Newspaper and magazine ads, television commercials, and billboards are traditional marketing techniques that businesses have used to connect with their customers. While newspaper and magazine ads can still provide companies with valuable exposure, the effectiveness of the ad is hindered by the lower number of individuals who see them. Today, people utilize their DVRs to fast-forward over commercials, the number of individuals who read print newspapers has been on the decline, and the number of people who see billboards is too dependent on physical location.
The internet, and more specifically social media, offer a cost-effective alternative (or addition) to traditional advertising. Currently 84% of U.S. adults browse the internet and 62% of individuals who go online use social networks like Twitter or Facebook. To maximize the effectiveness of social campaigns, businesses can turn their employees into what Rutgers business professor Mark Burgess calls social employees.
What is a Social Employee?
Social employees are individuals who believe in the mission, the vision, and the values of the company brand. The difference between a regular employee and a social employee, according Burgess’ TED Talk The Rise of the Social Employee, is that social employees willingly integrate their “personal brand and [their] professional side.” What does this mean? In essence, employees willingly represent their company on social media because they genuinely believe in the company and, more importantly, it offers a valuable medium for them to develop their own personal brand.
How to Set Up a Social Employee Initiative
Social employee initiatives should be carefully planned, implemented, and periodically monitored to ensure social employees represent the company brand effectively. Here are a few steps to get your company off to the right start:
If you’ve yet to do so, cement what you want your brand to be. Write out a mission statement for your soon to be social employees to rally around. Ensure that before you give employees the ability to become a social employee they have a good sense of the brand your company is endeavoring to create.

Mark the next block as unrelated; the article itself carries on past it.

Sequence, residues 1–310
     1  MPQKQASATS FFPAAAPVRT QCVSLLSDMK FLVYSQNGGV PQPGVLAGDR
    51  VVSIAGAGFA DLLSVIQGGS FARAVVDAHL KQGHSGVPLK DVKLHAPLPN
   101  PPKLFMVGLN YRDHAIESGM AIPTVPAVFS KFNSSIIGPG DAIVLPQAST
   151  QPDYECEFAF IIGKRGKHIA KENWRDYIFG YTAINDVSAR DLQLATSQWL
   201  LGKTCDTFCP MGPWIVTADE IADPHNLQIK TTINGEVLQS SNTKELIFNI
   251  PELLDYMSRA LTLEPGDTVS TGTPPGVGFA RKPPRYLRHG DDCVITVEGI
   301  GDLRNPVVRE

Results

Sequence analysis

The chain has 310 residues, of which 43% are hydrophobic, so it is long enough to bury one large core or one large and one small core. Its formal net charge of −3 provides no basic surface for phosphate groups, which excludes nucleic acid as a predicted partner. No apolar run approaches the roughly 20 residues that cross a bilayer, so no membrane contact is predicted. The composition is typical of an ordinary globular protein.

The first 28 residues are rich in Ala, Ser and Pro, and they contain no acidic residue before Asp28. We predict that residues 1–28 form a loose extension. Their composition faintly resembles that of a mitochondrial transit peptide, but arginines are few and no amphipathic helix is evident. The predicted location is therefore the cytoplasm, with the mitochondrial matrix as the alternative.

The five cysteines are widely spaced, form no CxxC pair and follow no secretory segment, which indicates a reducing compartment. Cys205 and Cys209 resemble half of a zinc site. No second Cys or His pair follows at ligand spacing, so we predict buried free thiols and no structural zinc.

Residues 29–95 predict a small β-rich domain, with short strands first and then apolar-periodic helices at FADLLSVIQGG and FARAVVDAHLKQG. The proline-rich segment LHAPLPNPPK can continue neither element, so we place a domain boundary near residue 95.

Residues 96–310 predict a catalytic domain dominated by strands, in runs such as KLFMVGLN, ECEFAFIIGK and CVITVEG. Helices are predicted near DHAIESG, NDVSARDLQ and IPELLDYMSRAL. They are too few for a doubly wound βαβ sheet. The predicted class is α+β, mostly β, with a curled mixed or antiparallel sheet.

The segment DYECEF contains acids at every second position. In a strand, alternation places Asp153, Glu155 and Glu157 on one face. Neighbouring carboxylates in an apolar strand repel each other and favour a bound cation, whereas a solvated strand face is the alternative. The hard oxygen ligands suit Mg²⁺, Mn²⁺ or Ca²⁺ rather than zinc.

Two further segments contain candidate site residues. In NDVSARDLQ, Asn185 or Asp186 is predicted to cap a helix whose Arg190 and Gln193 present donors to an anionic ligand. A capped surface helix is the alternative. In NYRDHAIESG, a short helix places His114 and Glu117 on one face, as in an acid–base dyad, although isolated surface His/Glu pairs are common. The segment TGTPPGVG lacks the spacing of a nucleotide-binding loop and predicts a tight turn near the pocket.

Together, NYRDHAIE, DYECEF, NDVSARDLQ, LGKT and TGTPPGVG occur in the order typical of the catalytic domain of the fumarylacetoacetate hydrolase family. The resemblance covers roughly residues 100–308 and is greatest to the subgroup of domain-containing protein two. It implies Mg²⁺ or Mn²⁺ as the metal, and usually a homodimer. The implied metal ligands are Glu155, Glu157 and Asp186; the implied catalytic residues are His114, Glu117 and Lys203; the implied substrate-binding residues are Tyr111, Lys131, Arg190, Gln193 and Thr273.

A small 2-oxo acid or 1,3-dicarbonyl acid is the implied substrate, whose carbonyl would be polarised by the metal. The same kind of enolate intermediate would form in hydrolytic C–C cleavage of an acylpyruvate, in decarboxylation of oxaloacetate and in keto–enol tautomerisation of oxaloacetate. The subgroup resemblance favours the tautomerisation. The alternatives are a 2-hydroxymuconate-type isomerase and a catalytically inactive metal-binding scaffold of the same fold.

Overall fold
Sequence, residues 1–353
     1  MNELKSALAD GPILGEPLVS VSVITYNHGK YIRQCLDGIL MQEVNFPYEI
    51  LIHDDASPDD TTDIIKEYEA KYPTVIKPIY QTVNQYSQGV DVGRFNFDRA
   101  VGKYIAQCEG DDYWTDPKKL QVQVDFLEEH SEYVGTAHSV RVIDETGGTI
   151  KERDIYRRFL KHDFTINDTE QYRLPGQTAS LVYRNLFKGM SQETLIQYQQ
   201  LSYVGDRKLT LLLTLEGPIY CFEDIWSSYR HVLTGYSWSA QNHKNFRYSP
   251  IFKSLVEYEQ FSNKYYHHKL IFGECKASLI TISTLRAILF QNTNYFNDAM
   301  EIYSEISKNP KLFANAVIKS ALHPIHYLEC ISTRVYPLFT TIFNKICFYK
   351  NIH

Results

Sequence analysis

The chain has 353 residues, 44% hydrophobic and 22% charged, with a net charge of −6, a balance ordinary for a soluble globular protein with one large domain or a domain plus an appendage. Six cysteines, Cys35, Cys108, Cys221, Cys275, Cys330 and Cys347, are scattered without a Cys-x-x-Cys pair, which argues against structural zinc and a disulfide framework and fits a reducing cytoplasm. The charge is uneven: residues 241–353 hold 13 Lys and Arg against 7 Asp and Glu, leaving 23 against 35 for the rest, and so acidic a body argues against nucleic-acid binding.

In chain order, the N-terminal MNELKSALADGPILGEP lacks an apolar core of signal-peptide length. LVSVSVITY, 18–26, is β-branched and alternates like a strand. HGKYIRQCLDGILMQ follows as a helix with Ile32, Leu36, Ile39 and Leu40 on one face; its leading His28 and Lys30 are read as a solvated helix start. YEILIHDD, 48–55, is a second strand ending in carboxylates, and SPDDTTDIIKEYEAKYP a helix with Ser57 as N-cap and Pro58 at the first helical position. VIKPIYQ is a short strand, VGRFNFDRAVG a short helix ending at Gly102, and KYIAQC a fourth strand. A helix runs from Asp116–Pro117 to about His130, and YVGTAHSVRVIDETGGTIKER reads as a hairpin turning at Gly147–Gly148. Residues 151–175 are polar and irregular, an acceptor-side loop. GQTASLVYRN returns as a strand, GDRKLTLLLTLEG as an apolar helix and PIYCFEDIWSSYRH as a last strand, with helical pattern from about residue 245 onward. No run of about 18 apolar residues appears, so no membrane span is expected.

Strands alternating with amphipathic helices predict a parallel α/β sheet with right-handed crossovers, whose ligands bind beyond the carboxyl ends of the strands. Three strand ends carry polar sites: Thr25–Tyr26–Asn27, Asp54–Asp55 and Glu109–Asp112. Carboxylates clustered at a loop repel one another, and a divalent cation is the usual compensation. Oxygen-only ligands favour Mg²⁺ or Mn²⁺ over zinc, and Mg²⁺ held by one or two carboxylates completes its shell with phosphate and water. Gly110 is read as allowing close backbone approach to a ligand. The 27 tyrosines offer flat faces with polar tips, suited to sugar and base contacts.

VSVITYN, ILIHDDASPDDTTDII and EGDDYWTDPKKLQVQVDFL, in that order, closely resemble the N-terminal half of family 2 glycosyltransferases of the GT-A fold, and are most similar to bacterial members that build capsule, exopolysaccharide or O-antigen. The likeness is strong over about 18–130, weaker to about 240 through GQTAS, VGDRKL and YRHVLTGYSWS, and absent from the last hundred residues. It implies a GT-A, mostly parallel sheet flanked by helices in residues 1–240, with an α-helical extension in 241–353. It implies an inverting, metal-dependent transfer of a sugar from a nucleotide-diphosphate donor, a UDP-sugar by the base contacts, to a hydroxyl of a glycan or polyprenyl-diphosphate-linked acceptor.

Related Article: Forming a Brand
Write out guidelines and rules for your social employees to follow while on social media at work (and off the clock). Employees should realize that as their name is used in conjunction with the company brand, so the posts should be slightly more professional. Suggest or mandate that social employees refrain from posting inappropriate pictures, videos, and posts. Just be aware that the more rules you create, the harder you will make it for your employees to be genuine and engage with potential contacts.
Give new employee social media lessons. Successful social media marketing takes time and practice. Some employees might be self-taught social media experts, but you should not assume that all of your employees spends their days tweeting and chatting on social platforms. Ensure that part of the beginning stages of the social employee initiative identifies which employees could use some social media training. Offer those employee a quick run-through either by a manager or another social employee about how the various social platforms work. You can also create a list of social media “how to” articles that will teach your employees what they need to know.
Set up guidelines on what happens to employee social media accounts after they leave the company. In the past many companies have either tried to either take over an employee’s social media account or to sue the employee after the employee leaves with the account. Neither tactic is ideal for a social employee initiative. Employees don’t have stock in the company and they aren’t owners, so they need some tangible reason to act as ambassadors for your brand—something more than “they gave me this job.” By giving employees ownership of their account, they have real motivation to expand their social influence which will benefit the company.
It might be tempting to try to wrangle the account from your employee when they leave the company, but it would not be in the spirit of the social employee initiative. The draw of the social employee is the ability for employees to build their own personal influence. By attempting to take over an employee’s social accounts, you make it clear to all of your current employees that the program will not benefit them at all. Which will quickly kill employee devotion to the initiative and damage the trust you’ve built as a company who looks out for its employees.
Social media marketing can be a very effective advertising strategy. Companies can take social media marketing to the next step by encouraging employees to become social ambassadors for the company. It will take a bit of work, but with a bit of time and the right policies your employees can help your company grow.
Author: Samantha Stauf spends her free time writing about marketing, exploring twitter, and procrastinating writing the next great novel.
Published: July 21, 2015